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By Donalevan Maines
Did you just call me ‘bitch’??” (as RuPaul sings in “Oh No She Better Don’t”).
Why, he ought to be whipped!
In fact, “Whipped” is the gay entry in the third annual Fade to Black play festival in Houston.
The collection of 10 short scripts by African-American playwrights is set to christen the newly constructed $7 million Queensbury Theatre (formerly Country Playhouse), says Denise O’Neal, Fade to Black’s executive director.
“Whipped” is about a pair of male lovers who take a tentative stab at some S&M sex. Their bumpy baby steps toward bondage bliss are funny, but the attempt to spice up their love life sweetly leads to a breakthrough in their relationship.
Oh, and there’s a hunky pizza-delivery guy ringing their bell. (Or, to riff on Ru, “Domino she better do!”)
“Whipped” is the work of out Austin playwright Travis Tate, who tells OutSmart, “All my plays contain queer and queer-friendly characters. The letters LGBT have a wide spread, and I try and represent all of those queer folks in my plays.”
However, he says, “I don’t believe I have been ‘pegged’ as a gay playwright or a black playwright. I don’t mind those labels. My identities are very important to my work as a playwright.”
Ananka Kohnitz, who is helming “Whipped,” also directed a reading of the script April 26 at the Montrose Center, where festival director O’Neal announced the winners of her nationwide call for entries. She has assembled a bevy of actors and directors of many ethnic backgrounds, and at the close of the festival she’ll award a cash prize to the playwright who wins the audience vote for best of fest.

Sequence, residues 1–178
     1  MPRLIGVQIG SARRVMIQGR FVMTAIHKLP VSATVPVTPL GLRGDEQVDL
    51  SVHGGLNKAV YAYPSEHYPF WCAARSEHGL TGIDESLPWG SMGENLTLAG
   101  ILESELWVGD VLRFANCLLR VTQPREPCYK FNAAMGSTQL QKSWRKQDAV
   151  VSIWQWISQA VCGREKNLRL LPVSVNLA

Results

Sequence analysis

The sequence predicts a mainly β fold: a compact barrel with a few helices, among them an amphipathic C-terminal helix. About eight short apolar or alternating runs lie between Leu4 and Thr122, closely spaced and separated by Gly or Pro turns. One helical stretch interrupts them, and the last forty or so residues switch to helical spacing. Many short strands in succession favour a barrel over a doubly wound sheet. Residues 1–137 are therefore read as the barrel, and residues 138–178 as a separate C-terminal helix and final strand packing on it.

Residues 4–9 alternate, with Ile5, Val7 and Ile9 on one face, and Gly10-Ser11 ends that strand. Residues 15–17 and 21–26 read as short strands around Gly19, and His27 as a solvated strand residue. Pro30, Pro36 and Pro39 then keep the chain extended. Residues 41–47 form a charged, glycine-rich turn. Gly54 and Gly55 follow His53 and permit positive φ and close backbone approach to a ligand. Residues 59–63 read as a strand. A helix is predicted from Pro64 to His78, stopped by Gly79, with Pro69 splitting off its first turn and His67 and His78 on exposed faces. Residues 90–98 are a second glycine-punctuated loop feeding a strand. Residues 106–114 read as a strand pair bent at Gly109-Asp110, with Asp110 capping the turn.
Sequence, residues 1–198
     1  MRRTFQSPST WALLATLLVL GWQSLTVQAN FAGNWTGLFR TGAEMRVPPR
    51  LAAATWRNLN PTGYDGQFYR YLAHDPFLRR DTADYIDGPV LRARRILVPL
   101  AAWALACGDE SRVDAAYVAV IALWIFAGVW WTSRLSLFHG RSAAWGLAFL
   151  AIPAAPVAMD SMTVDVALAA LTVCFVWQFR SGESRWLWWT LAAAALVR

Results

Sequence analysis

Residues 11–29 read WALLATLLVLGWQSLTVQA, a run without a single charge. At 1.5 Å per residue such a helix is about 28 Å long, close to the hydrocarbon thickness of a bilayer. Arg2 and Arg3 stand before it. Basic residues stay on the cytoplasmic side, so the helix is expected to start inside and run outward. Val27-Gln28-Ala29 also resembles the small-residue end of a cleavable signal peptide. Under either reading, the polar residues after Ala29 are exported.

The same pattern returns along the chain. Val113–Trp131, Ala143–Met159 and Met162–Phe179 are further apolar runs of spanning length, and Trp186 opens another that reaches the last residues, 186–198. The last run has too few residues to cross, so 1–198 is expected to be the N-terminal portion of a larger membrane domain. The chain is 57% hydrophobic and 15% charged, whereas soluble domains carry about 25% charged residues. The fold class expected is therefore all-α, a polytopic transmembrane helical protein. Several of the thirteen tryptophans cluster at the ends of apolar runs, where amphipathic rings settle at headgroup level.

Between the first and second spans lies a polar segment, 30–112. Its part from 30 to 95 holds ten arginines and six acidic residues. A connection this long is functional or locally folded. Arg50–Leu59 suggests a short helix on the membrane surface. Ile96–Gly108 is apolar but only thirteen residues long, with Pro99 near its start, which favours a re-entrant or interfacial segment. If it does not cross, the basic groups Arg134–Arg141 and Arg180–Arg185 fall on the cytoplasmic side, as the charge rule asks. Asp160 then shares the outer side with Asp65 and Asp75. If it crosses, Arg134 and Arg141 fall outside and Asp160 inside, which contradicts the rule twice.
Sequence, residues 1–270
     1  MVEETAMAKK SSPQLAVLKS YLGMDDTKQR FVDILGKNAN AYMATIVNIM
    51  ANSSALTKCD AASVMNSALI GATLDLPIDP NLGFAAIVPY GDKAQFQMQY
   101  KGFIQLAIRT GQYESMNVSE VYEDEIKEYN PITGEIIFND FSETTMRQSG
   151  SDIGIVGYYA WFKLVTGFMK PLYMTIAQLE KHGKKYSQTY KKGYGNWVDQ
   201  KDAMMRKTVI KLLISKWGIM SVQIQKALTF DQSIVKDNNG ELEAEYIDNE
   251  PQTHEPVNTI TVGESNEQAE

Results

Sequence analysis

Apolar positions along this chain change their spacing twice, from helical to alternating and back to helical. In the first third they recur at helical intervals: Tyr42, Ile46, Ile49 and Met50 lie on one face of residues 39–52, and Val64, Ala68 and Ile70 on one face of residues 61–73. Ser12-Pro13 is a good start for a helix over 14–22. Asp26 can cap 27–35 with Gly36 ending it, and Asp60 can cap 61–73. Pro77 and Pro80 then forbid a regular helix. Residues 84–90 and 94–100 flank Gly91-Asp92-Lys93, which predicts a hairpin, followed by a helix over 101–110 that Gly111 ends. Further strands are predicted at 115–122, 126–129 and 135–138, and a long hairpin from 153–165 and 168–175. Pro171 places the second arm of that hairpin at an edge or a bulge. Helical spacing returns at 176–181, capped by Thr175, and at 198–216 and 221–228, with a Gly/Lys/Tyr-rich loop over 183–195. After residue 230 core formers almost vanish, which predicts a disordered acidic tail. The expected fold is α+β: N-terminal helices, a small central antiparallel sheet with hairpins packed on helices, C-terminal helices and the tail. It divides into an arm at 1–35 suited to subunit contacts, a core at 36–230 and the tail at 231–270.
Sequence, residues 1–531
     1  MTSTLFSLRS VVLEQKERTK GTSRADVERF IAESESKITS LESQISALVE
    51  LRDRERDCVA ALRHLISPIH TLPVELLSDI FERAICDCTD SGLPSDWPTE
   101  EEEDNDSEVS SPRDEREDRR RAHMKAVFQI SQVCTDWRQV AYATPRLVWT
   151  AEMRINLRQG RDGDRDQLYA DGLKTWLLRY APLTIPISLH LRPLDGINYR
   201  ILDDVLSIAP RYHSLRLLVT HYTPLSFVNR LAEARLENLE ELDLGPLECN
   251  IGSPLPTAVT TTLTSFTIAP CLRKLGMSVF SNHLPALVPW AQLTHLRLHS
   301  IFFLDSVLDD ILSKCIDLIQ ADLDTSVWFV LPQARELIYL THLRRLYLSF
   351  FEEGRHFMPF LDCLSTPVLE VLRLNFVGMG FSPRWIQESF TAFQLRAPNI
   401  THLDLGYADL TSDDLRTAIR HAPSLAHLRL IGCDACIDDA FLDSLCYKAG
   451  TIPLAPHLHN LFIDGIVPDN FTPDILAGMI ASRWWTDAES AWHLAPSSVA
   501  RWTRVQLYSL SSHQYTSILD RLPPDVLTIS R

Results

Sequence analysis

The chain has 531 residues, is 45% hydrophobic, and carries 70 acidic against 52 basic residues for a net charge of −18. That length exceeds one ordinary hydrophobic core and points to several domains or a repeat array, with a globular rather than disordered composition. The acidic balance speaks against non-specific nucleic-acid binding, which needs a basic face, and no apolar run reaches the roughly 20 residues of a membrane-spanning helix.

Fernando Dovalina, an out Houston playwright who is helping publicize Fade to Black, says, “This year’s plays range from thoughtful dramas to outlandish comedies. Some include strong adult language, and one contains partial nudity.”
Speaking at the April 26 event was Randal K. West, Queensbury’s new executive director, who promised his theater group will celebrate diversity with colorblind casting and a broad array of material. For example, Queensbury’s first season, which is set to open June 26, will include the racially mixed To Kill a Mockingbird and Big River on its main stage and, in its smaller “black box” theater, the sparkling comedy As Bees in Honey Drown (by out author Douglas Carter Beane) and (the pre-Glee) Fame the Musical.
Kohnitz tells OutSmart she plans on “having fun with costumes, awesome music and sound bites, and some very interesting props” when presenting “Whipped” at Fade to Black. “I will be buying the props,” she adds. “No used ones for this production.”
Dovalina asked Tate where he got the inspiration to write “Whipped.” The playwright laughed, “I visited a sex shop. The majority of the merchandise was targeted at heterosexual couples. How-to books, toys—almost everything. Navigating gay sex can be rather, for the lack of a better word, tricky. I think that it’s important to have stories that reflect those weird, awkward, funny, and sincere moments in queer life. The sex-shop workers [I met] were very friendly and like working there. I could tell they were free spirits and not narrow-minded. And then this play came [to mind].”
Tate adds that his plays contain moments that range from amusing and pointed to kind and sincere. “I think it’s important to laugh at the ridiculous moments in life.”
O’Neal says she created Fade to Black because she hadn’t seen many works by African-American playwrights in other Houston theater festivals. “I decided it was time for a change,” she says.
The first two productions were so successful (playing to standing-room-only audiences) that O’Neal sought out a larger venue.
She says that Fade to Black, which received a grant from the Texas Commission on the Arts “for artistic excellence and community impact,” will donate part of its proceeds to St. Hope Foundation, a Houston-area nonprofit community healthcare organization.
Among the plays chosen for the festival, in addition to “Whipped,” are several by Houston authors, including “In the Still of the Night” by Melanie E. Burke, “Driving Miss Crazy” by Kelvin Douglas, “Color Blind” by Thomas Meloncon, and “The Vessel by Which” by Angela Y. Rice.
More information about the festival can be found at fadetoblackfest.com.
Shows will be June 11–13 (Thursday through Saturday) at 8 p.m. at the Queensbury Theatre, 12777 Queensbury Lane in west Houston. Tickets are $20. For reservations, call 713.467.4497.
Donalevan Maines also writes about the Tony Awards in this issue of OutSmart magazine.